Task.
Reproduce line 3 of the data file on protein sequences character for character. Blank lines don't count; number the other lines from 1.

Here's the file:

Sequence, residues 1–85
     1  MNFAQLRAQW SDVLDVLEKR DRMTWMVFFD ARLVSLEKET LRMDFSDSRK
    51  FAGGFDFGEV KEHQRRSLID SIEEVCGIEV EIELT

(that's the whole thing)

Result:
    51  FAGGFDFGEV KEHQRRSLID SIEEVCGIEV EIELT